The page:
Beauty Giant Shiseido Buys Up Tech Startups to Move with the Times

Japanese makeup company Shiseido takes necessary steps to keep up with changing buyer trends

A building of the makeup company Shiseido in the Ginza district
A building of the makeup company Shiseido in the Ginza district
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Japanese makeup giant, Shiseido, has been reshaping its acquisitions strategy in recent years to include the purchase of a number of tech startups. The thinking behind the strategy is the shift from traditional store buying to more online purchasing. E-commerce in the makeup industry is seeing a steady rise with younger shoppers predominantly bypassing the beauty counter staff advice in favor of using Artificial Intelligence (AI) technology to determine the products that are right for their skin.

Shiseido, having noticed this change in buying trends, has turned to tech startups to enable their cosmetics to be more connected and customized to their customers who shop online.

The evolving customer habits have seen a number of beauty companies making changes by using AI and smartphone apps to provide personalised skincare. French beauty company, L’Oréal, purchased ModiFace in March, a beauty tech company focused on augmented reality and AI.

evolving customer habits have seen a number of beauty companies making changes by using AI and smartphone apps to provide personalised skincare

Shiseido tech startup acquisitions

Over the last two years, Shiseido has bought three startups in the United States. MatchCo, a company that develops software customers can use with their smartphones to create personalized foundation products to match their skin tones. Giaran, a startup that develops AI technology which enables customers to remove and apply makeup virtually so they are able to see how they look before making a purchase. And Olivo Laboratories, a firm specializing in artificial skin technology.

Shiseido offers an internet of things (IoT) device called Optune which can be leased by customers for a monthly fee. Then, using a smartphone app, the system scans and analyzes the user’s face. It analyzes skin condition, mood and factors in weather conditions to identify a personal mix of skincare products to suit that specific person.

The rise in makeup e-commerce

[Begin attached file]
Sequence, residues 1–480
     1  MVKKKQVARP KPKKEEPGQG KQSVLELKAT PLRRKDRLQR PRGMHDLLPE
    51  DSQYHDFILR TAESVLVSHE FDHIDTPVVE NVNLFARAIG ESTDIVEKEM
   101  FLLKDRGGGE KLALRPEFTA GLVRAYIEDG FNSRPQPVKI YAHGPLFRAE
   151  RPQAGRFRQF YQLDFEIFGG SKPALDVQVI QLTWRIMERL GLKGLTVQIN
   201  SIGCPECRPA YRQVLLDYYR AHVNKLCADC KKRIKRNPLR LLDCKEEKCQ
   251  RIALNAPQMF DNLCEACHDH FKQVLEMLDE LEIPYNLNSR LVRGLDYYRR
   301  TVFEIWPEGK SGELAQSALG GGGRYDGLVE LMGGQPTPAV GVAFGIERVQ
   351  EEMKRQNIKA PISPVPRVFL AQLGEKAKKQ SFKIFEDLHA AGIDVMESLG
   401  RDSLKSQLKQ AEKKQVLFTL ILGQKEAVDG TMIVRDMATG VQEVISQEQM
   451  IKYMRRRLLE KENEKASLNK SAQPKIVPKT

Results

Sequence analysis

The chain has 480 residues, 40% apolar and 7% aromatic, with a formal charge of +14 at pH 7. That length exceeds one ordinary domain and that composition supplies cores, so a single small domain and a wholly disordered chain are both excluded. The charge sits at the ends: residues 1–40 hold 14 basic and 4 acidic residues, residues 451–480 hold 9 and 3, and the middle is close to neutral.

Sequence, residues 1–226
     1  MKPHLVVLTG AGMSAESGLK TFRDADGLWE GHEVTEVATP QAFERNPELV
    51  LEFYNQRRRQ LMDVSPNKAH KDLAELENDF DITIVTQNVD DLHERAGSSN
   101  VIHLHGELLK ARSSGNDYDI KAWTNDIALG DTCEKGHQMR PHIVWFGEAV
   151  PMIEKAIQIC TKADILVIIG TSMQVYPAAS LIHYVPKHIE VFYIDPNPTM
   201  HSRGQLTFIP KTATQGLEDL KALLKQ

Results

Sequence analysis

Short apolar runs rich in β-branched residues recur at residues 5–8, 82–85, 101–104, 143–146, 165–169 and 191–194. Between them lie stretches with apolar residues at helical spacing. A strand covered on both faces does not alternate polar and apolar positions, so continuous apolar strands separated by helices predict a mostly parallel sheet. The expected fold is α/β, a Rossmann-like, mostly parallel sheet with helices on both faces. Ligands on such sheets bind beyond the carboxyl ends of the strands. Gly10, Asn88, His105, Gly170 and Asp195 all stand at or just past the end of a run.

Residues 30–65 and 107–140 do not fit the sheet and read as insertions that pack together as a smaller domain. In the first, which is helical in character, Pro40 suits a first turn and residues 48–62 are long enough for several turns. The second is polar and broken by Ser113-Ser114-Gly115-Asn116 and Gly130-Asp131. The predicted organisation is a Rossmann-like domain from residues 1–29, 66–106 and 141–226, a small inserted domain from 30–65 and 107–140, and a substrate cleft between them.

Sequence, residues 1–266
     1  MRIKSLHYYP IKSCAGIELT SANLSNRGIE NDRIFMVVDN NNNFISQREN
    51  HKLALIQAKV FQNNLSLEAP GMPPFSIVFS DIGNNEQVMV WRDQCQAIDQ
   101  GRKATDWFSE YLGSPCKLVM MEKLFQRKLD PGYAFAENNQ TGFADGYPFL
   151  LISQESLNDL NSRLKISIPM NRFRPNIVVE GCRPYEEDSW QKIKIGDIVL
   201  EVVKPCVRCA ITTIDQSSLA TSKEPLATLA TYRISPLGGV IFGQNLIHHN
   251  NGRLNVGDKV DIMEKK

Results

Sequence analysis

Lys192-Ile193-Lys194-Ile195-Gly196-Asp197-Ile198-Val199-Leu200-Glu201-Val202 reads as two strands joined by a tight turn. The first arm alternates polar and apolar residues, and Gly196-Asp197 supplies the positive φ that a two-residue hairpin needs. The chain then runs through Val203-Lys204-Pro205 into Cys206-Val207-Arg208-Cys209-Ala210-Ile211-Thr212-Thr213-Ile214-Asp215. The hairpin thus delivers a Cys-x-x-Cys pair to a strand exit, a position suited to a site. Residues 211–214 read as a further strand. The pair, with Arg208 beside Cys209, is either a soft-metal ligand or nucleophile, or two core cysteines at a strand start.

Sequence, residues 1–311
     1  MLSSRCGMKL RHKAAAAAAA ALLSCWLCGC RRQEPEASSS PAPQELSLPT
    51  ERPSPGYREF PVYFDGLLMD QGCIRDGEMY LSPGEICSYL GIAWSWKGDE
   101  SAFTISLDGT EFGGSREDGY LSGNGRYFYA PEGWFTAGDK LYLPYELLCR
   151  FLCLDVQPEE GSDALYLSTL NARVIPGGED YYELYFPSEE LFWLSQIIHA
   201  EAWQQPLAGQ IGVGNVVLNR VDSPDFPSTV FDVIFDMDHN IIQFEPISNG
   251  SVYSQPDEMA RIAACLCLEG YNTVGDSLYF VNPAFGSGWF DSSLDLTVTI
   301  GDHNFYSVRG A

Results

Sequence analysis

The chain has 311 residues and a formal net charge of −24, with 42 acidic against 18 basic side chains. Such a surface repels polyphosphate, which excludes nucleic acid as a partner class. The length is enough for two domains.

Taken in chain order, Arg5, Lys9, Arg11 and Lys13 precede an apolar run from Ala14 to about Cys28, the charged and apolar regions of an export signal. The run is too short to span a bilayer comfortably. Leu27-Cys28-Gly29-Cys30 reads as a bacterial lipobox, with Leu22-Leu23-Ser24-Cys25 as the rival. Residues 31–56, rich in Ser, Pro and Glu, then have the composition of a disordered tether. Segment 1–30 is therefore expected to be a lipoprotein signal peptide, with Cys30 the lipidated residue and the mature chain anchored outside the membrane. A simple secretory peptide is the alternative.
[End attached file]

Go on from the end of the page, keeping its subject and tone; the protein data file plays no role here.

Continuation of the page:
As we mentioned, e-commerce in the beauty industry is seeing a rising trend. Last year online sales accounted for 7.8 percent of the $465bn market for beauty products. This is a rise from 4.2 per cent in 2012, according to Euromonitor International.

Shiseido expects e-commerce to account for 15 per cent of its global sales by 2020, compared to 8 per cent last year which is why investment in this area is vital for the company’s sustainability and growth. China is its biggest online sales market, accounting for 25 per cent of Shiseido’s business. Predictions project an increase to almost 40 per cent in Chinese sales in the next three years.

The makeup company aims to increase its research and development staff to 1500 by 2020 from 1000 in 2014 to keep up with the changes in the beauty and skincare industry. The plan is to hire experts in digital technology, AI and data science. Shiseido has also revamped its entire makeup line to attract a younger generation of shoppers to the brand.

This combination of measures demonstrates Shiseido’s desire to remain relevant in the ever-changing beauty market. Time will tell if they are successful.

Today’s “otsumami” – a bite size snack:

Technology is changing the way business is done in every industry. It’s vital for companies to stay ahead of the tech trends if they are to remain successful. 

What do you think?


Written by Catherine McGuinness

Writer and journalist with a love for all things Japan.

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